Where Samantha Celebrates the Lunar New Year
“There are only a handful of city events that I look forward to each year,” says Samantha, WestHouse’s concierge, “but Chinese New Year is one of them.” Known for its vibrant and eclectic festivities, parade onlookers can expect an impressive firecracker ceremony, lion dances, and a host of food and craft vendors.
“Dumplings, dancing and LOT of color. What else do you need?” Samantha shares her advice on how to bring in the Year of the Dog.
Frighten the Evil Spirits
“Traditionally, the holiday centers around the family. It’s an auspicious time to gather, honor ancestors and ward off evil spirits. The firecracker ceremony is a beautiful incarnation of that last ritual. The sounds of the firecrackers are meant to scare the bad spirits away. It’s a powerful moment to take part in.”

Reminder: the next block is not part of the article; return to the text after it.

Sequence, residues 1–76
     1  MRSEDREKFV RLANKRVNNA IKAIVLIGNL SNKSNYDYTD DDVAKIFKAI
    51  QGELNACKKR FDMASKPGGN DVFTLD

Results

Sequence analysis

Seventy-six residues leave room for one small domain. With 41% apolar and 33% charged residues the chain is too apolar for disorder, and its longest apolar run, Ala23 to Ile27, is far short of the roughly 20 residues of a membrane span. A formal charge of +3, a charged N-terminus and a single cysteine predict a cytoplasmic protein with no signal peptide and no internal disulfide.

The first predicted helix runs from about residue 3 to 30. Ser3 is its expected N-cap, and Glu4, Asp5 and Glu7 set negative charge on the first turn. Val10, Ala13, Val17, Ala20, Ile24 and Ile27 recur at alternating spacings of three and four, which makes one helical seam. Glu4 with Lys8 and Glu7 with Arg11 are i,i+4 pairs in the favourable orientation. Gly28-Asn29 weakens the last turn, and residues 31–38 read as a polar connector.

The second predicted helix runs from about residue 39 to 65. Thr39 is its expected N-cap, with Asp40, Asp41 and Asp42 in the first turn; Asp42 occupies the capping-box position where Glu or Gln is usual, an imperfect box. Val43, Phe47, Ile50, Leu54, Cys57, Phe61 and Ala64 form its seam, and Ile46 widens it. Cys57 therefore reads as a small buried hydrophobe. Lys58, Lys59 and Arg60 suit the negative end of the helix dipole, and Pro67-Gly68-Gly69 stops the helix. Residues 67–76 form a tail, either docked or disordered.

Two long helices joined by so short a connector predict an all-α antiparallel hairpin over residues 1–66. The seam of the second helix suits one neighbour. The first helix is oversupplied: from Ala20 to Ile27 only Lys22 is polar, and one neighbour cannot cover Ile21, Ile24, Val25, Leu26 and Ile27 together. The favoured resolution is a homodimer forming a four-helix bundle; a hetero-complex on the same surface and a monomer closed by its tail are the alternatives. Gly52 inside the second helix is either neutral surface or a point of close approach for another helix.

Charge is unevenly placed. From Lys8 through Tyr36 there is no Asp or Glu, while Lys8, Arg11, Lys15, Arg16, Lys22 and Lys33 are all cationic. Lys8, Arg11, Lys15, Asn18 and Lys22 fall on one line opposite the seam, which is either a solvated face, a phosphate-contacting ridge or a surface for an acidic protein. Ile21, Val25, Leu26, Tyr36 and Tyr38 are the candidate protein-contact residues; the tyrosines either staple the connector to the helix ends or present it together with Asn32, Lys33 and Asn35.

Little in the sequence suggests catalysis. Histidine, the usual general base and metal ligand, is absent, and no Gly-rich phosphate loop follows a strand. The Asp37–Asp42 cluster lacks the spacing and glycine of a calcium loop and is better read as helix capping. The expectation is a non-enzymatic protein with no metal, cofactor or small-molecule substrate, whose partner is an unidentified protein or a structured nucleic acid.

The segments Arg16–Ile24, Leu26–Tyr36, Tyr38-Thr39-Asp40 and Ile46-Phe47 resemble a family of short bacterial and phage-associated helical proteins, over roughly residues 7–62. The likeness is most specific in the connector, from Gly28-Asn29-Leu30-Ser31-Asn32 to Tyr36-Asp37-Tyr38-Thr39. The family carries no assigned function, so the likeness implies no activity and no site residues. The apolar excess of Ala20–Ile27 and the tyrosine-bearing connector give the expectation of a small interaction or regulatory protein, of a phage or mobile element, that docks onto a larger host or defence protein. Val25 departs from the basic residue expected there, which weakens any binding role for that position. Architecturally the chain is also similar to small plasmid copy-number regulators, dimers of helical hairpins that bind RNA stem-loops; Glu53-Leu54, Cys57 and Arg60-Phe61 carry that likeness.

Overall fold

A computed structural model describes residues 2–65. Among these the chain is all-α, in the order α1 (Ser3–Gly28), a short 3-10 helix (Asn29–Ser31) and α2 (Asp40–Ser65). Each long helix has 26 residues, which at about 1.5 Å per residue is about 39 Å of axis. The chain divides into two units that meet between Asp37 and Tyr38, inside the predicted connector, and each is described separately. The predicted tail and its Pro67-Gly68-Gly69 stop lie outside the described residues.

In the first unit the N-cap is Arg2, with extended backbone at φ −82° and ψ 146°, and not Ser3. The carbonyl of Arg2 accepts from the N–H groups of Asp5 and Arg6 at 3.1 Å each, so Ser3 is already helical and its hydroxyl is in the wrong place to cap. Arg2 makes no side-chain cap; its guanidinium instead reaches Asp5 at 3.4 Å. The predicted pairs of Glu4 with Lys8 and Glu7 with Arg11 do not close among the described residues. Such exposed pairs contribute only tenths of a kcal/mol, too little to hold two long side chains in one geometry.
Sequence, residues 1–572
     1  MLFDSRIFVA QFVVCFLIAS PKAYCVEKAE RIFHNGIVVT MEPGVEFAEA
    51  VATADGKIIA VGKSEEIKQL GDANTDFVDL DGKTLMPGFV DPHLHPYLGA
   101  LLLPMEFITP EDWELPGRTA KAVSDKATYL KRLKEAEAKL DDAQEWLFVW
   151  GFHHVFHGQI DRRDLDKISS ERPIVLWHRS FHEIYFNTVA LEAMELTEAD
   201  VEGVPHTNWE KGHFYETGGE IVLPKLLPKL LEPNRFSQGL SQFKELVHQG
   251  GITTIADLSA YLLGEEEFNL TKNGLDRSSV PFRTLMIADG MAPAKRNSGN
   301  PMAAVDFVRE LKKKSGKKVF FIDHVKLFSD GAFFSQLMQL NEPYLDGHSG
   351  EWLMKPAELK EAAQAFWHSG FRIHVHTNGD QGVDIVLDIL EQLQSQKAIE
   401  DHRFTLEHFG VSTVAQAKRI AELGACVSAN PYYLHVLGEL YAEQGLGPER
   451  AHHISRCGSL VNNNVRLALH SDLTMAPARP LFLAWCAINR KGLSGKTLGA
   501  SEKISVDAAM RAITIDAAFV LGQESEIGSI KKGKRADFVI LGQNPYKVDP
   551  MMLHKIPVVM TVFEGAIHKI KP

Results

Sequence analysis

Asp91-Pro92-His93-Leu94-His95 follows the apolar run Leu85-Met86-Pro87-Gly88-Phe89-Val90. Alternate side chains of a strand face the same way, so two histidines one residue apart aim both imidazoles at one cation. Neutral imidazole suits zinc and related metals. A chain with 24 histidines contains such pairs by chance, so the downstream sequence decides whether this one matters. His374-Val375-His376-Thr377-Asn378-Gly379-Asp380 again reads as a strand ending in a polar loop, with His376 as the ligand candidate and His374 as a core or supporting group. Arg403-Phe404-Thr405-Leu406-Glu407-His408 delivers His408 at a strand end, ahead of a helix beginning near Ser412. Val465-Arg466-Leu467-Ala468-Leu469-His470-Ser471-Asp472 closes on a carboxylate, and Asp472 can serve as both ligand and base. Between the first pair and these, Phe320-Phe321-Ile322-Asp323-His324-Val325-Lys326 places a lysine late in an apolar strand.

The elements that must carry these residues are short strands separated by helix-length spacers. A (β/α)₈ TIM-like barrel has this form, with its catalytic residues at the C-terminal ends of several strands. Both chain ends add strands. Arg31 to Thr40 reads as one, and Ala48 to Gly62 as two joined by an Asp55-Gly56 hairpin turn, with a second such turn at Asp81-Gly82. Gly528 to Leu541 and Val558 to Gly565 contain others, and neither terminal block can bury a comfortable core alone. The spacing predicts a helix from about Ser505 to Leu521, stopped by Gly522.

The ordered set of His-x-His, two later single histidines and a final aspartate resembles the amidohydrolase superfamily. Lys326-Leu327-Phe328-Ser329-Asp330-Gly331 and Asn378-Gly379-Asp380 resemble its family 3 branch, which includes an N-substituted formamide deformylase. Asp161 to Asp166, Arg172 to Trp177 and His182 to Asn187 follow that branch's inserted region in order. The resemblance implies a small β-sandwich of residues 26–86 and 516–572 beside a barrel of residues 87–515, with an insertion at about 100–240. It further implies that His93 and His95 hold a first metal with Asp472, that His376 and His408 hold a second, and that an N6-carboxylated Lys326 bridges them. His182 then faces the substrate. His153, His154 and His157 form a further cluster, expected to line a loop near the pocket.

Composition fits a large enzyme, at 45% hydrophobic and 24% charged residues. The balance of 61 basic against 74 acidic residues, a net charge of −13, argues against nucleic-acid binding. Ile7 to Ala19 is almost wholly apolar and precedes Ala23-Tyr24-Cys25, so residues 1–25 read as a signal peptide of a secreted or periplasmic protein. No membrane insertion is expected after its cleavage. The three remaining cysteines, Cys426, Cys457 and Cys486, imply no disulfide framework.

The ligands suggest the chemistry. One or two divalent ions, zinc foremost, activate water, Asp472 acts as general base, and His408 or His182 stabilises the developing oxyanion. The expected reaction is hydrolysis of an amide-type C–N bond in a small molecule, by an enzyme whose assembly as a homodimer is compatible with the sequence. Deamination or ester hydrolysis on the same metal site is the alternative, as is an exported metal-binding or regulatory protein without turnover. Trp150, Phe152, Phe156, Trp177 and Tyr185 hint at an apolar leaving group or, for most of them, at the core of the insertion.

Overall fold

Tip the Lions
“Lion dancing is a major tradition in China, especially for the New Year. It takes incredible skill to learn how to navigate the costume, and there are usually at least two people inside each lion working together on the dance. If you get a chance to reward the performers, it’s pretty custom to tip them with a red envelope (red is considered a lucky color).”
Eat Your Luck in Dumplings
“Go to the landmark Nom Wah Tea Parlor for a post-parade dumpling feast. Folklore says the more dumplings you eat, the more money you’ll make in the New Year. I take that as my opportunity to go all out with the dim-sum. I’m talking one of everything - from siu mai to pork buns. For extremely good soup dumplings, try Shanghai Asia Manor.”